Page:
Wednesday, September 16, 2015

The Value of the Intangible

The Value of the Intangible

A few months ago, I wrote briefly about a conversation with a client, where he suggested that Failsafe had better focus on helping its clients "feed the beast" or we'll start losing our clients.  That conversation happened almost a year ago, and it's been on my mind ever since.

In essence, he was talking about focusing on "the measurable bottom-line" -- that everything we do ought to be a slave to that indicator.

A few weeks ago, my daughter shared a Robert Kennedy video she saw on Ted Talks that caused her to want to share her feelings about related issues.  I hope you enjoy her comments.  I did.

Please read her thoughts, and then my final commentary.


I recently graduated with my Mechanical Engineering Degree.  I remember going through my rigorous program at Virginia Tech solving complex problems using differential equations, completing analyses with self-coded programs, and using the solutions I came up with to reinvent my design at hand.  Why am I telling you this?  I love numbers.  I believe in mathematics.  In my college years I believed any problem could be solved with some sort of analysis involving numbers, because numbers matter! 

As my education progressed, I became increasingly interested in the concept of Root Cause Analysis in which my father had dedicated his life.  So one day during my senior year, I asked my dad if he could take me to Alaska, not just to check out the moose, but to see him teach a live audience on his methodology of Root Cause Analysis, which Failsafe calls Latent Cause Analysis.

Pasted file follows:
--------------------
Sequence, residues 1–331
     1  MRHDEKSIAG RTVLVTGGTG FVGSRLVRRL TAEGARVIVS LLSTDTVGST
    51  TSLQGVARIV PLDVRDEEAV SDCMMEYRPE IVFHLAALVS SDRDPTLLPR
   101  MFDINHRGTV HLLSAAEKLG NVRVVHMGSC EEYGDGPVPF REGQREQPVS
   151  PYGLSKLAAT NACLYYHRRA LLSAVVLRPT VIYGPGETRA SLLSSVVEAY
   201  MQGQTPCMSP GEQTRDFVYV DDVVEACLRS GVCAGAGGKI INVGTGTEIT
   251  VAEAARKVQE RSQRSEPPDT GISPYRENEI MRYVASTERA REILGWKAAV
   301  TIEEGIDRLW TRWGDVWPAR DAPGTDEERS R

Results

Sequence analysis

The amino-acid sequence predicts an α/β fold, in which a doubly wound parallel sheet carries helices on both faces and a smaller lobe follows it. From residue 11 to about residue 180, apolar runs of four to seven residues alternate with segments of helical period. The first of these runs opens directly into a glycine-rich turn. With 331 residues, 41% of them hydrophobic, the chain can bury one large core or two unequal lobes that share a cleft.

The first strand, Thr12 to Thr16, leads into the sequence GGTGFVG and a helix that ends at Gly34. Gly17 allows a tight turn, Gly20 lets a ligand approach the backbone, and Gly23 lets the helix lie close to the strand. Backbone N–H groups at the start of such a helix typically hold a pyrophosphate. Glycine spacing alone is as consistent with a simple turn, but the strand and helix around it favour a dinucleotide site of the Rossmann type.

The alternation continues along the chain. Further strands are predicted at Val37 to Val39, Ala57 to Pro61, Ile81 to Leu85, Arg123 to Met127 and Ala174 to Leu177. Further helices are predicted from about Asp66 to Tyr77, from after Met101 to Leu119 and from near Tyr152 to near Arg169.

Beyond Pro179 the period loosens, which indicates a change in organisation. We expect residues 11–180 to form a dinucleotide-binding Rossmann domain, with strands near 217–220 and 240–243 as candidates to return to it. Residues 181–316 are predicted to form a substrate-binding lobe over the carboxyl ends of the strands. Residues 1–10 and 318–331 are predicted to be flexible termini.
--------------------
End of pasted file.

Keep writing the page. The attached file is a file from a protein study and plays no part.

Prior to my Alaska trip, I wanted to solve world problems utilizing numbers.  After my trip, I struggled with my passion for numbers and a realization of a profoundly deeper truth:

You can measure the tangible all day long, and hope for results, but the only true way to change anything is through the intangible.

The other day, while listening to Ted Talks, I came across a speech by Robert F. Kennedy from March 18, 1968.  I believe is more important today, than ever:

When I heard this, I had chills running up my spine. 

“… it measures everything in short, except that which makes life worthwhile.   And it can tell us everything about America except why we are proud that we are Americans.”

Our perceptions need to change.  We are focusing on the wrong things.  We need to realize that focusing on the intangible will inevitably affect the tangible.

I am fortunate that I was able to come into Failsafe Network to remind me on a daily basis that although numbers are important, there is something more significant in life.   It is the intangible - the feelings, thoughts, ideas, and emotions - that make life worthwhile. 

Failsafe’s investigative methodology of Root Cause Analysis focuses on not only the physics of an event, but also on the untouchable and the abstract.  We believe that the truest value of everything lies within the intangible.  

Jessica Nelms Hall


As Robert Kennedy said, our gross national product includes monies spent on our prisons, wars, ammunitions, advertising campaigns for cigarettes, ambulance and emergency room services for gunshot wounds, and the like.

Just as measuring our gross domestic product is a misleading indicator of our nation's success, focusing on corporate profits (or the bottom line) is an equally misleading indicator of corporate success.

After all, what happens to our intangible values when we focus our souls on the wrong thing?

At Failsafe, we are in the business of helping people learn from things that go wrong. Over the years, we have discovered that it's our values, attitudes, beliefs, and assumptions about life that cause ALL our problems.